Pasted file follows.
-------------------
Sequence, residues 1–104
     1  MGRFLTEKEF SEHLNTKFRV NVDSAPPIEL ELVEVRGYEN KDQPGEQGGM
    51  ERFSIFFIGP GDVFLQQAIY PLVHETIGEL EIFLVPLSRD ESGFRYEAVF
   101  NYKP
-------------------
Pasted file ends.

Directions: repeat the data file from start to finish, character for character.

Sequence, residues 1–104
     1  MGRFLTEKEF SEHLNTKFRV NVDSAPPIEL ELVEVRGYEN KDQPGEQGGM
    51  ERFSIFFIGP GDVFLQQAIY PLVHETIGEL EIFLVPLSRD ESGFRYEAVF
   101  NYKP